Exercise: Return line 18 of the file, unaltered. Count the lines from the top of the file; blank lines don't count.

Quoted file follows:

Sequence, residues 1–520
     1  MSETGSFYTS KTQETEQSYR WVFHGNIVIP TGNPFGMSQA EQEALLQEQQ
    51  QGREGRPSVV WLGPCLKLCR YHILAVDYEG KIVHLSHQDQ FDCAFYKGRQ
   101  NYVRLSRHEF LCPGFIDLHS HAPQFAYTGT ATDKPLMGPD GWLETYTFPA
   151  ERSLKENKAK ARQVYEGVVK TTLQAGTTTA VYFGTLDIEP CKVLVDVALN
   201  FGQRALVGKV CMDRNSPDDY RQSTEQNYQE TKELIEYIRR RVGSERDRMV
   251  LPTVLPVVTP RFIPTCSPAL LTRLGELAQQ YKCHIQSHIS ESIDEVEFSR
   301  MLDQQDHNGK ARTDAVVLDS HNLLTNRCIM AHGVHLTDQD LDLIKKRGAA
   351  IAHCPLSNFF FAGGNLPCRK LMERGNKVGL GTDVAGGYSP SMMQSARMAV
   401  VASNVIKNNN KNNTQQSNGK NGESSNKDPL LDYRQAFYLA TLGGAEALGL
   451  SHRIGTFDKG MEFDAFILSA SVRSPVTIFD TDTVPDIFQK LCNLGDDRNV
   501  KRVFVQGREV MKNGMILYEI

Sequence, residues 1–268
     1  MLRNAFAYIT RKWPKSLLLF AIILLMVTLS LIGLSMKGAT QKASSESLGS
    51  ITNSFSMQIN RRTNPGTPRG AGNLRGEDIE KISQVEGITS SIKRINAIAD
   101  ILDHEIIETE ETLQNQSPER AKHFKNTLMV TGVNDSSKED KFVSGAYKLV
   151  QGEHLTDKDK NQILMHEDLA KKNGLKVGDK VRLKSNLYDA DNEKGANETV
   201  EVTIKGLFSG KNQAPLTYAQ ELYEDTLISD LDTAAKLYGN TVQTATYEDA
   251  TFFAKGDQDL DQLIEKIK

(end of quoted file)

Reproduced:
   201  EVTIKGLFSG KNQAPLTYAQ ELYEDTLISD LDTAAKLYGN TVQTATYEDA